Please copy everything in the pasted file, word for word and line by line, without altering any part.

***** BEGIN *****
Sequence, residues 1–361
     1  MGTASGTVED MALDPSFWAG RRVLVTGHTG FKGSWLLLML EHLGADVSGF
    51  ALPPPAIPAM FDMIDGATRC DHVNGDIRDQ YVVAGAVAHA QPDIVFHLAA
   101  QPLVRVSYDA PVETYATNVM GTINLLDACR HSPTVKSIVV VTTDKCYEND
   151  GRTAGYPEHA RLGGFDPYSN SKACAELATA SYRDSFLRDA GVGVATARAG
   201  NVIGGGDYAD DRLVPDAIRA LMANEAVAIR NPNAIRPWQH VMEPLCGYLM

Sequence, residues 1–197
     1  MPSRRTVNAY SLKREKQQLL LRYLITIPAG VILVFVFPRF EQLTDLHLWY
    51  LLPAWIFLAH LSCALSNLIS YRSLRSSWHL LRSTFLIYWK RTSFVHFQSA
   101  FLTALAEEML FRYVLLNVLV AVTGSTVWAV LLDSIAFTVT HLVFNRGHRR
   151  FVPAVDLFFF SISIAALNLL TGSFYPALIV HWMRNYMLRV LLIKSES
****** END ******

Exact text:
Sequence, residues 1–361
     1  MGTASGTVED MALDPSFWAG RRVLVTGHTG FKGSWLLLML EHLGADVSGF
    51  ALPPPAIPAM FDMIDGATRC DHVNGDIRDQ YVVAGAVAHA QPDIVFHLAA
   101  QPLVRVSYDA PVETYATNVM GTINLLDACR HSPTVKSIVV VTTDKCYEND
   151  GRTAGYPEHA RLGGFDPYSN SKACAELATA SYRDSFLRDA GVGVATARAG
   201  NVIGGGDYAD DRLVPDAIRA LMANEAVAIR NPNAIRPWQH VMEPLCGYLM

Sequence, residues 1–197
     1  MPSRRTVNAY SLKREKQQLL LRYLITIPAG VILVFVFPRF EQLTDLHLWY
    51  LLPAWIFLAH LSCALSNLIS YRSLRSSWHL LRSTFLIYWK RTSFVHFQSA
   101  FLTALAEEML FRYVLLNVLV AVTGSTVWAV LLDSIAFTVT HLVFNRGHRR
   151  FVPAVDLFFF SISIAALNLL TGSFYPALIV HWMRNYMLRV LLIKSES